For the second year in a row, chinook salmon are going belly up in the South Fork Nooksack River before they have a chance to reproduce. The culprit, once again, is believed to be hot water and low flows.
As of the end of September, several hundred chinook carcasses were seen throughout the South Fork Nooksack River watershed, according to Lummi Nation salmon enhancement program manager Tom Chance.
“These fish are struggling,” Chance said. “We are losing so many before they are able to spawn.”
This emerging die-off follows a disaster in 2021 when about 2,500 of the fish died and dotted the watershed. The fish succumbed to deadly pathogens that thrive in high water temperatures.
The South Fork Nooksack River is known for high water temperatures, a problem that peaks during summertime heat combined with low streamflows. Portions of the South Fork were listed as temperature impaired under the federal Clean Water Act in the 1990s because of this problem, and additional areas were added to the listing in 2012. With temperatures on the rise and Northwest glaciers shrinking due to climate change, the crisis is going to get worse without intervention.
“The problem that we’re facing now is habitat. The habitat is not sustaining our runs,” said NWIFC Vice Chair Lisa Wilson, who also serves on the Lummi Indian Business Council. “Last year our record run of 3,000 salmon ended up dropping down to 500 because 2,500 died on the spawning grounds.”
Habitat degradation and resulting fish mortality is a threat to the tribe’s treaty rights. If there aren’t salmon to fish, the federal government isn’t upholding its obligations from the 1855 Treaty of Point Elliott.
Already, Puget Sound chinook, which include Nooksack River populations, are listed as threatened under the federal Endangered Species Act.
Lummi stock assessment manager Devin Flawd said the delisting goal for the South Fork subpopulation of the species is to see 9,900 natural spawners in the watershed per year. Over the past five years, the average has been about 300, which is 3% of the goal.
“It has been stated that our salmon could go extinct by the year 2050, and that’s not an option for us,” Wilson said. “That’s not what our ancestors signed up for.”
For its part, Lummi has operated Skookum Creek Fish Hatchery for more than 50 years and has run a preservation program since 2010 in an effort to stave off extinction of the South Fork Nooksack River chinook.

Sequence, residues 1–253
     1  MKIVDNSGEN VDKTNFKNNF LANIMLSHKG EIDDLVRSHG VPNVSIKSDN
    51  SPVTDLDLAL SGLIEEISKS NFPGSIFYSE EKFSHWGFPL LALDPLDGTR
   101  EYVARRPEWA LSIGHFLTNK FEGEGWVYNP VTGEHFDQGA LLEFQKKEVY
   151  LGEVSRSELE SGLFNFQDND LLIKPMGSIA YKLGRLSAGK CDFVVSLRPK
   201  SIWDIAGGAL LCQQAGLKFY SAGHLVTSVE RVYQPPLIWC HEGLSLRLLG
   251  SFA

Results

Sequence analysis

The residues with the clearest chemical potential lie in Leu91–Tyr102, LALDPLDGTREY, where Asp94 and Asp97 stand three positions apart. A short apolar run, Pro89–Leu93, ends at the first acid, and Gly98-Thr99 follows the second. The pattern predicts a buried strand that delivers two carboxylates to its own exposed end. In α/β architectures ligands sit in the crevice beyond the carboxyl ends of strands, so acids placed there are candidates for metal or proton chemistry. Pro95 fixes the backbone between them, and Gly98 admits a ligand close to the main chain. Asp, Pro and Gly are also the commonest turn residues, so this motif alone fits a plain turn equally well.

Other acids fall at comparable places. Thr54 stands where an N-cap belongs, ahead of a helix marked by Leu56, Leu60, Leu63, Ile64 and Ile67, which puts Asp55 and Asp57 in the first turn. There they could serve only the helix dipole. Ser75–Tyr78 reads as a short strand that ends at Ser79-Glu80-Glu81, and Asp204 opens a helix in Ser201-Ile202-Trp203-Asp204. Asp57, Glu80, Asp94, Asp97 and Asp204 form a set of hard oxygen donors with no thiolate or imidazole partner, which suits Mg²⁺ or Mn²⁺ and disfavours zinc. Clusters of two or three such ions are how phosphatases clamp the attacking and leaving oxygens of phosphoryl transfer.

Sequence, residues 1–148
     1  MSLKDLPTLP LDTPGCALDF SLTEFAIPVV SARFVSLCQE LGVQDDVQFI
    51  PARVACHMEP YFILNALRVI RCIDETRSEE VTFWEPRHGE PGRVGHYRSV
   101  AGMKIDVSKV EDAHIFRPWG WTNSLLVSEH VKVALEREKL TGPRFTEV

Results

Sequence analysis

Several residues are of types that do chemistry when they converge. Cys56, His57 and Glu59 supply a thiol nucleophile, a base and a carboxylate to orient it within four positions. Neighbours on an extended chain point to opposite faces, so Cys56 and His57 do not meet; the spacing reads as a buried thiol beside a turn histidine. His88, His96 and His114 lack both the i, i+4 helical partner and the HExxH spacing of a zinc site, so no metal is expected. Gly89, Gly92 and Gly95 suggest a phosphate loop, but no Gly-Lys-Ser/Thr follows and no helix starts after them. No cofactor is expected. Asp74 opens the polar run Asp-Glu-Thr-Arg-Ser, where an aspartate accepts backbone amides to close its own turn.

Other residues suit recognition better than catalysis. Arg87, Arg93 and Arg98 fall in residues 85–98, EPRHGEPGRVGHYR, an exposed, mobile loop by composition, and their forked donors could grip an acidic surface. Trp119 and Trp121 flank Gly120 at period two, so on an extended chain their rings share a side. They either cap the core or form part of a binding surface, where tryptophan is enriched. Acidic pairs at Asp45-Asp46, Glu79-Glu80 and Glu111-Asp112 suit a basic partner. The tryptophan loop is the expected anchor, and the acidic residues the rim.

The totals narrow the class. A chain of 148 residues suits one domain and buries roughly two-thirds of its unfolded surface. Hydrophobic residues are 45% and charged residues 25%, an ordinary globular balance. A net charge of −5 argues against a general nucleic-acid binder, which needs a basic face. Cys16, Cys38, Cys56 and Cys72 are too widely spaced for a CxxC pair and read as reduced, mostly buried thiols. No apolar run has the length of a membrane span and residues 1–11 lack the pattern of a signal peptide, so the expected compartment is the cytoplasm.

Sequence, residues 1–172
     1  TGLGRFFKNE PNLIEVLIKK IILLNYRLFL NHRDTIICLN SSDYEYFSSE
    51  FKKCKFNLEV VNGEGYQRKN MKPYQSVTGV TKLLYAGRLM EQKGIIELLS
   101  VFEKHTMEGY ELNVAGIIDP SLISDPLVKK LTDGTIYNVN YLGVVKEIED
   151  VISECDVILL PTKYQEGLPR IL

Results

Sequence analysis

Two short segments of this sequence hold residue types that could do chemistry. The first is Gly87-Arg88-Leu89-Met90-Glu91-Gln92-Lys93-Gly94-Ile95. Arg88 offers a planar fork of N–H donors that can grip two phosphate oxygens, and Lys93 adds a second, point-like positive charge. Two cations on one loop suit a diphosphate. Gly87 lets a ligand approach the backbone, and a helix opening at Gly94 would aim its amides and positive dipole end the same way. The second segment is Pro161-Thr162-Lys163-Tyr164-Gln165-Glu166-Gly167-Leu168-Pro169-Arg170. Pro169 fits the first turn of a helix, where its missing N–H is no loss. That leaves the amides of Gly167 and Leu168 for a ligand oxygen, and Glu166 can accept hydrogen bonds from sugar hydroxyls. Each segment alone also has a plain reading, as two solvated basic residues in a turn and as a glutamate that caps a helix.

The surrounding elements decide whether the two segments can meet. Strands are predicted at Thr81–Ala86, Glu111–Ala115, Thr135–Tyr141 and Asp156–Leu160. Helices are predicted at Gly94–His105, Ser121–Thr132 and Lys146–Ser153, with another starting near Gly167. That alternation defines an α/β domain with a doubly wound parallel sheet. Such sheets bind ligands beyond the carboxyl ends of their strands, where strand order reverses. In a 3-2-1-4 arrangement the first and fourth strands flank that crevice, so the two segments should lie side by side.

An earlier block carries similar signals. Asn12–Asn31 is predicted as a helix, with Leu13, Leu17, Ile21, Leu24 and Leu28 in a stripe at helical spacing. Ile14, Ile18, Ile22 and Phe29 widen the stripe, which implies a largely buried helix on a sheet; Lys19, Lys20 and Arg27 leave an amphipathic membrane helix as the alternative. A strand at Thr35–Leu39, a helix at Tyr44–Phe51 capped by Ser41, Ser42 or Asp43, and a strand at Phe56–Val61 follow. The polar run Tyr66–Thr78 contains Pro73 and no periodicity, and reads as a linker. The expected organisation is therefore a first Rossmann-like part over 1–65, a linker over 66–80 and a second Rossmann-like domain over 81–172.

As if at a waterfall, the sound of rushing water permeates the air at the hatchery, punctuated by the occasional slap of a salmon jumping while awaiting its turn to contribute to the propagation of the next generation.
Staff move quickly, following a rhythm: Net fish, clip fin and tweeze scale, tag carcass, remove eggs and sperm, mix eggs and sperm, pour onto incubation tray, slide into incubation shelves—repeat.
This process helps ensure that the species continues to populate the watershed. It also contributes to ongoing research into fish genetics and best hatchery practices.
“We would really prefer our natural runs that we once had, but due to the years of habitat degradation, hatcheries are what we have left to rely on,” Wilson said.
Lummi will not let up on the hatchery science, environmental policy and habitat restoration efforts the tribe champions for the fish, she said.
In September, tribal members also turned to tradition, with a small cultural ceremony along the South Fork, where the salmon carcasses are dropping to the bed of the river too soon—before they have a chance to spawn naturally or to make it to the cold waters inside the hatchery.
Lummi elder Al Scott Johnnie performed the ceremony while elder Ralph Solomon contributed with drumming and singing. Wilson, along with Nooksack Chairwoman RoseMary LaClair and a handful of others, observed the rarely performed ritual to commune with the fish, which are considered kin to these tribes and others in the region.
“We need to keep the fish people returning,” Wilson said, standing on the riverbank near three unspawned salmon carcasses. “When our salmon are sick, so are our people.”
For now, fish continue enduring the danger zone. During the ceremony, one female chinook showed her muster, digging into the gravel streambed to build a nest for her eggs, occasionally making a splash with her tail.
Chance drew the group’s attention to the lone mother fulfilling her last act. “It’s an uphill battle, but they’re not giving up,” he said. “They will keep fighting as long as we do.”
Above: A chinook salmon awaits its turn to be spawned at the Skookum hatchery. Story and photos: Kimberly Cauvel